Verrucous squamous cell carcinoma of the vagina

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Primary carcinoma of the vagina is an infrequent malignancy of the female genital tract. The overall incidence is between 1% and 2% of all carcinomas of the female genital tract.1

Verrucous carcinoma was classified by Ackerman2 as a distinct variety of squamous cell carcinoma with unique characteristics. The tumor has been recognized in various organs. According to Ramzy et al,3 it was first described by Martens and Tilesius in 1804, and later by Ricord and Traite in 1851. Dawson et al4 stated that Buschke reported large condylomatous penile lesions in 1896. This tumor later became known as giant condyloma acuminatum of Buschke-Loewenstein.5, 6

Verrucous carcinoma has been called massive condylomata acuminata, premalignant condylomata acuminata, carcinoma associated with condylomata acuminata, and well-differentiated squamous cell carcinoma.4, 7 The various diagnoses have contributed to the impression that this variant of squamous cell carcinoma only rarely involves the female genital tract. To date, approximately 40 cases of verrucous carcinoma involving the female genital tract and only 16 neoplasms involving the vagina have been reported.3, 8–14 A case of verrucous carcinoma of the vagina is reported here and the pathology, clinical behavior, and treatment of this unusual neoplasm are discussed.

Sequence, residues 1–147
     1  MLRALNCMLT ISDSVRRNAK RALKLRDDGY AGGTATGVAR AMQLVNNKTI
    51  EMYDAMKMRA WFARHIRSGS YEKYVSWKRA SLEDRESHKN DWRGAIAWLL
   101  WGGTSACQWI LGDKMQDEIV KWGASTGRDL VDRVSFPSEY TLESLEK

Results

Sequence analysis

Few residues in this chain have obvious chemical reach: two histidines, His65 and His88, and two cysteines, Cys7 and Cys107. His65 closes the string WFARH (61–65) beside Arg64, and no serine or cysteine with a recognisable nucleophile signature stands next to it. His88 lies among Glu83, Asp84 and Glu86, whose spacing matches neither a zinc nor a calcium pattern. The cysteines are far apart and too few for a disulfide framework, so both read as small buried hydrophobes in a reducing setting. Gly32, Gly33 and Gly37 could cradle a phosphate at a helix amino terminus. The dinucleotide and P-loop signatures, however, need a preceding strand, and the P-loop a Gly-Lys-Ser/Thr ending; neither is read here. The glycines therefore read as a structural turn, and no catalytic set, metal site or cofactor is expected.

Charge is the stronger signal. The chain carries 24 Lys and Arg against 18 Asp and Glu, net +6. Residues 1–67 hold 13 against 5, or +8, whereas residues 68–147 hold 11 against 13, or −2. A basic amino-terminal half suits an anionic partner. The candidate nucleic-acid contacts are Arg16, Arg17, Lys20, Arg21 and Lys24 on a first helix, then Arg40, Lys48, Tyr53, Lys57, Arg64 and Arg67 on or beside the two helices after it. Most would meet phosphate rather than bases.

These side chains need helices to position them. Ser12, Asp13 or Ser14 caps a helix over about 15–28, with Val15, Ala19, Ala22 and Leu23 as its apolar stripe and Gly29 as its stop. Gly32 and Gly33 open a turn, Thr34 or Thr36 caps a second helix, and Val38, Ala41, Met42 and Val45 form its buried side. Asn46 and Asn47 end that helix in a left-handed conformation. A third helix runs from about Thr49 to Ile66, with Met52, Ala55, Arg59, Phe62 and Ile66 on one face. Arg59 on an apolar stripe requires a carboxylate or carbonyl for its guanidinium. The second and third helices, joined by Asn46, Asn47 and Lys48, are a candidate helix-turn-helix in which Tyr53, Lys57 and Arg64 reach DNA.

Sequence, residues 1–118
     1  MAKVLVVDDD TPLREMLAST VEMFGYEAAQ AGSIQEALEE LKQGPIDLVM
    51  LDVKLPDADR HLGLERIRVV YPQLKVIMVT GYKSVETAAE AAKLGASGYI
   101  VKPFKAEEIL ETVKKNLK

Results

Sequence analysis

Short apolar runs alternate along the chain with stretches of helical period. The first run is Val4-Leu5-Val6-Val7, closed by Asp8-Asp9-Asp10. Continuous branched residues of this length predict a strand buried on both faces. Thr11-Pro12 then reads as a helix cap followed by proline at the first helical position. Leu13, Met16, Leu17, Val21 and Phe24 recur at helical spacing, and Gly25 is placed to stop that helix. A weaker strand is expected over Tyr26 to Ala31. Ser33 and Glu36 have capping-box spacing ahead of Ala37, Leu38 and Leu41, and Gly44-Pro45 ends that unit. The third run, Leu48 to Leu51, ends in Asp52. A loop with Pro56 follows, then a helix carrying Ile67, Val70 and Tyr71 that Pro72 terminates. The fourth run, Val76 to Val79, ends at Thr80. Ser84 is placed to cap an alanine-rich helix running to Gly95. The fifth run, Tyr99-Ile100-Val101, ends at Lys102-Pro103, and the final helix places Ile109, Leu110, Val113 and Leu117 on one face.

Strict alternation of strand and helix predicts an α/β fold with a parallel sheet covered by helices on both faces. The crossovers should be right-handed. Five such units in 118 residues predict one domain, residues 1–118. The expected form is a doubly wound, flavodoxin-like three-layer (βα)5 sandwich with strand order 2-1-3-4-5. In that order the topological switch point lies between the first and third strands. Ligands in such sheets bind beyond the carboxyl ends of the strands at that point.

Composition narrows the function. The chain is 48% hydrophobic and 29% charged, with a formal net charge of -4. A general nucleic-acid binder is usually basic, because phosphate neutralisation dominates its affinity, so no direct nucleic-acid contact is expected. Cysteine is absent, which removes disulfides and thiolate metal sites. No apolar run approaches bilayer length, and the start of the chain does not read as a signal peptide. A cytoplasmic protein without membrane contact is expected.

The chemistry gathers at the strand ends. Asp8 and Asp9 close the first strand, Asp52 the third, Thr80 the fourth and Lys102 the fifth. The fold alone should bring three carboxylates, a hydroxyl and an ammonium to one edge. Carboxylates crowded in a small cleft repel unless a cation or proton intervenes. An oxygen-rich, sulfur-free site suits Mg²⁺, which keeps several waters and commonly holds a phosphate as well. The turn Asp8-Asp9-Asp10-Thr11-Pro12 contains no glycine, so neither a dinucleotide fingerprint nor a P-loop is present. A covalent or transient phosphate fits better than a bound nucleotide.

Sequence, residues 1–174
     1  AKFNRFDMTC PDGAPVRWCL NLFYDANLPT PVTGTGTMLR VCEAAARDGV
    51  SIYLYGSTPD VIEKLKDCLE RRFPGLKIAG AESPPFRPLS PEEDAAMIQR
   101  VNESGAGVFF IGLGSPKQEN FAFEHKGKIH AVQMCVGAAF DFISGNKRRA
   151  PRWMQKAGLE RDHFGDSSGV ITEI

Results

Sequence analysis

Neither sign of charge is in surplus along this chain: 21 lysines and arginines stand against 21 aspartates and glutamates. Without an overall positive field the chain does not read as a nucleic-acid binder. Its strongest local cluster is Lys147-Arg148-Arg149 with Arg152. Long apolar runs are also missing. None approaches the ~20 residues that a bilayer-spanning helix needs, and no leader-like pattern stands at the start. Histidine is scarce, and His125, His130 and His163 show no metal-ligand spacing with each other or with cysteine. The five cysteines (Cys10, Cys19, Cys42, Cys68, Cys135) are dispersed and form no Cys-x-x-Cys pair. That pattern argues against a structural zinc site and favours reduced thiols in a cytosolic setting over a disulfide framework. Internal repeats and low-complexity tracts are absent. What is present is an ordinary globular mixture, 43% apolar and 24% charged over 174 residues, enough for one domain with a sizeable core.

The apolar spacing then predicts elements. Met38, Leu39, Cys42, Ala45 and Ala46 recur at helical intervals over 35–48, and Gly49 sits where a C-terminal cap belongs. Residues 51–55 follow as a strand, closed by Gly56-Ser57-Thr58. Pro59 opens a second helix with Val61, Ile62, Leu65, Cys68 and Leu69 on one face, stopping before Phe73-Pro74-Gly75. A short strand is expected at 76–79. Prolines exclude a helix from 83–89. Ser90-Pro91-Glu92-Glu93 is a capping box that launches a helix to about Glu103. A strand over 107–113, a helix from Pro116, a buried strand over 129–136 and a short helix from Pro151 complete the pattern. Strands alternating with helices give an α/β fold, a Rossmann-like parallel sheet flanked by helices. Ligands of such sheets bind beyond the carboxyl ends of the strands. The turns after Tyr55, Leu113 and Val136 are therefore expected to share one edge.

Case report

A 69-year-old Caucasian woman, gravida 2, para 2, was referred to the Cleveland Clinic for surgical extirpation of a well-differentiated, fungating squamous cell carcinoma of the vagina thought to be verrucous carcinoma. The tumor was discovered 2 months earlier at another hospital. The patient had uterine prolapse for which she had used . . .



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